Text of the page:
6

Smiling hopefuls more likely to land job

Job applicants with a winning smile are seen as more “hireable” by employers, a new study has found. The findings contradict previous research that concluded a neutral expression is more effective because it is more professional. “I think smiling people perform better because you’re showing goodwill, showing confidence and it makes you generally more attractive,” said Sabrina Chan, the study’s leader from the University of Toronto.” First impressions are very important and research shows people have stronger memories for happy faces.”

7

Man formally cleared in US

A man wrongfully convicted of a 1983 murder and sexual assault has been declared innocent by a California court. Los Angeles County Superior Court Judge William C. Ryan has formally declared Maurice Hastings as “factually innocent”, reported CNN. “It means a lot,” said Maurice Hastings. “I’m ready to move forward with my life. I’m a happy man right now.” The 69-year-old was freed from prison in October after DNA from the 1983 attack identified another suspect. He had served 38 years.

8

Food banks for pets as owners struggle

Food banks for pets have been opened to help families who are struggling to feed their cats and dogs. Thousands of animals are benefitting from the initiative from the Pets at Home retailer, said The Times, enabling them to stay with families that might otherwise have been forced to take them to a rescue centre. Last year, the Dogs Trust reported an almost 50% increase in inquiries from dog owners about rehoming their pets. Blue Cross, a national animal welfare charity, found that more than 60% of people have experienced an increase in pet bills.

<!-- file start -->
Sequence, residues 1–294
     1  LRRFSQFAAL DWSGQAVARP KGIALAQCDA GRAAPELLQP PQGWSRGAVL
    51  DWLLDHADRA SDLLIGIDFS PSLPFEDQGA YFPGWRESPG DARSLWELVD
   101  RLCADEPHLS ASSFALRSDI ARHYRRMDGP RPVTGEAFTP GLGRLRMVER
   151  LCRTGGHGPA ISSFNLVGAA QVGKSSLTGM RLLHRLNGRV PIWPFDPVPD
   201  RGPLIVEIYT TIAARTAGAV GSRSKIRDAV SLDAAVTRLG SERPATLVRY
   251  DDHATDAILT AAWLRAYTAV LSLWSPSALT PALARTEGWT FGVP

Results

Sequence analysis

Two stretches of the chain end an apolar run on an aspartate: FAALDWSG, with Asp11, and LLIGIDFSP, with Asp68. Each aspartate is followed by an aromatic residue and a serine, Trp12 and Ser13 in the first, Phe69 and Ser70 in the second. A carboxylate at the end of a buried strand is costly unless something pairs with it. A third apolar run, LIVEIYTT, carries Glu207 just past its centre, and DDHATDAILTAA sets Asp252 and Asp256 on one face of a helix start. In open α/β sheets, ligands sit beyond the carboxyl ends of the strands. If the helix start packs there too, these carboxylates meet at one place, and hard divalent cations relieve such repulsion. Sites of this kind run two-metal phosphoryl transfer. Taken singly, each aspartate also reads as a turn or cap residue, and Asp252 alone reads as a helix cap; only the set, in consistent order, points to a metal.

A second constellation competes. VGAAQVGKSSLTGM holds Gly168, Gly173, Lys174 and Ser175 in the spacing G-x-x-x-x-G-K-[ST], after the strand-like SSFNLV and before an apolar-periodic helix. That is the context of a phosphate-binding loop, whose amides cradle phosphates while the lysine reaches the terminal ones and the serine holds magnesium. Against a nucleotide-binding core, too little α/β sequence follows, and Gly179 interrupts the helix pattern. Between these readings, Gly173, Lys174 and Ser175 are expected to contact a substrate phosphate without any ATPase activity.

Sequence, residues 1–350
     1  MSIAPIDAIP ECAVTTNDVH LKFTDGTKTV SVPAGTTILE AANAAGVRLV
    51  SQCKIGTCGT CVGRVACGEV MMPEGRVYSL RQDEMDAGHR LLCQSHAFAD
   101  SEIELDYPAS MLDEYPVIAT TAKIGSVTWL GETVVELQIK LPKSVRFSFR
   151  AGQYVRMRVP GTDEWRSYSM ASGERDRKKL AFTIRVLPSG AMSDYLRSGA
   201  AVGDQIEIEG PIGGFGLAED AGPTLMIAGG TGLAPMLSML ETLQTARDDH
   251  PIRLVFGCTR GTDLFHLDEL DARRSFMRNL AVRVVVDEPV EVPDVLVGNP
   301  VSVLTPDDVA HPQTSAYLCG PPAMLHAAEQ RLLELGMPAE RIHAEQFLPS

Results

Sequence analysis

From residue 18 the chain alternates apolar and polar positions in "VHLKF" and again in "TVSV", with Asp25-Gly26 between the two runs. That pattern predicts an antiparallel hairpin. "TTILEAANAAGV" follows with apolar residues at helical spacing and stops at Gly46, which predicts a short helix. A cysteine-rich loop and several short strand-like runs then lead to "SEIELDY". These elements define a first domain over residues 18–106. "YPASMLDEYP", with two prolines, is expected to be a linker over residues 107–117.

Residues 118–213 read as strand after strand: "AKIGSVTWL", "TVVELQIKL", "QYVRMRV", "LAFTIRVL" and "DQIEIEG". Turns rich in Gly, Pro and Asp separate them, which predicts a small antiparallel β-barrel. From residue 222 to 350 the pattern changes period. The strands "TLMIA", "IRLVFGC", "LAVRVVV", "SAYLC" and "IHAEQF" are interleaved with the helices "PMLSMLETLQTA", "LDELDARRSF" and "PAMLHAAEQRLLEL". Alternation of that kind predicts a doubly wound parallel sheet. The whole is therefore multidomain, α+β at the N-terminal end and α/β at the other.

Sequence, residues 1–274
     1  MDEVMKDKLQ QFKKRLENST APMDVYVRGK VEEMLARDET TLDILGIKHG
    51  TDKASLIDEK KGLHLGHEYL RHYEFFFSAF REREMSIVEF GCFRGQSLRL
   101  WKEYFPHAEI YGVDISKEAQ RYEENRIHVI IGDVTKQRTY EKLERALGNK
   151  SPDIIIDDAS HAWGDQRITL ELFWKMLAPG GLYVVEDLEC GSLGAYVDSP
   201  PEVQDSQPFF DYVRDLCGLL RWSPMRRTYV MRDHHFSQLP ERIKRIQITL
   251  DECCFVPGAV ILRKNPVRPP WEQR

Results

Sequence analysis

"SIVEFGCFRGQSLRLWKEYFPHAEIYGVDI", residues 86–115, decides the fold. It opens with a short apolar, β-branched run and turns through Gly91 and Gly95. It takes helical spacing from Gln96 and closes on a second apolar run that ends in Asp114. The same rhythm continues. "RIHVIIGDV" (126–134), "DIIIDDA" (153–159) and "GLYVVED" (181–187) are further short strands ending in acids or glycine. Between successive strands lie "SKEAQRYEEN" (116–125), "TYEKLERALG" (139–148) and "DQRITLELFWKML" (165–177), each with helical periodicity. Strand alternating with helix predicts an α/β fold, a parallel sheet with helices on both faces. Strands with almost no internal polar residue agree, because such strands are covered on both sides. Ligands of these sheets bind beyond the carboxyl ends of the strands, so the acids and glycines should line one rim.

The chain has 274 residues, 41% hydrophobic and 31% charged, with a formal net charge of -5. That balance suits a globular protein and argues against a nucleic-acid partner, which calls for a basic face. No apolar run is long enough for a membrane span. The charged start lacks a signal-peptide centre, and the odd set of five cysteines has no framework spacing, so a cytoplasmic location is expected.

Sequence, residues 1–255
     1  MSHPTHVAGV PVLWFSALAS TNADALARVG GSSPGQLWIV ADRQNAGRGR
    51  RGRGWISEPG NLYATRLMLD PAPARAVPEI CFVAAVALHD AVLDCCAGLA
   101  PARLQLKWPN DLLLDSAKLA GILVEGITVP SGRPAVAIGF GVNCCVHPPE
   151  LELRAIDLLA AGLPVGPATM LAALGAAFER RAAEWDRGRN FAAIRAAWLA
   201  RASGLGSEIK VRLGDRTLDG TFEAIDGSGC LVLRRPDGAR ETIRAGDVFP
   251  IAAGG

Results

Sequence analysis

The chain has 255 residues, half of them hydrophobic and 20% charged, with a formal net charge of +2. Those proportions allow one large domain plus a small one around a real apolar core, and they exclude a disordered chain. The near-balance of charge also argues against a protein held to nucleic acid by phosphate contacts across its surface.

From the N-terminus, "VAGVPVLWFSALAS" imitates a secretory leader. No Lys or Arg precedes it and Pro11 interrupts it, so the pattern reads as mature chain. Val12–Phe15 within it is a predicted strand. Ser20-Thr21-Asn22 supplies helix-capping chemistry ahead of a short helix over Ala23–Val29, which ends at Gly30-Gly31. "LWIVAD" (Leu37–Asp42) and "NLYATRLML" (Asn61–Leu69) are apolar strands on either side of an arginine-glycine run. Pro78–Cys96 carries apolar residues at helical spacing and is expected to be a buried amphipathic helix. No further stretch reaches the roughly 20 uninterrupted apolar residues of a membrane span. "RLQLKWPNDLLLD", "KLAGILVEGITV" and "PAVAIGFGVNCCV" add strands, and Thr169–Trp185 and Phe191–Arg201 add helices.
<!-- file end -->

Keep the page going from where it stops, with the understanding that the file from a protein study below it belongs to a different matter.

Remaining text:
9

Johnson suggests knighthood for father

Boris Johnson has put his father’s name forward for a knighthood, according to a report in The Times. The former PM included Stanley Johnson among as many as 100 names put forward for various honours in his resignation honours list. The list is significantly longer than those of his predecessors: Theresa May nominated 60 people while David Cameron put forward 62. In 2020, Johnson nominated his brother Jo, a former minister, for a peerage.

What is Boris Johnson up to now?

10

Peel stage renamed after child sex row

Glastonbury will rename its John Peel stage amid controversies over the late DJ’s relationships with underage girls. Peel married his first wife in the US when she was 15, which was legal in Texas at the time. “Many feel that Peel hid in plain sight,” said The Times, with the paper recalling an earlier interview in which Peel admitted having sexual relations with young fans, and once said: “Well, of course, I didn’t ask for ID.” He reportedly claimed: “All they wanted me to do was to abuse them sexually which, of course, I was only too happy to do.” Glastonbury said the new name for the stage was not in response to a petition to rename it over the controversies.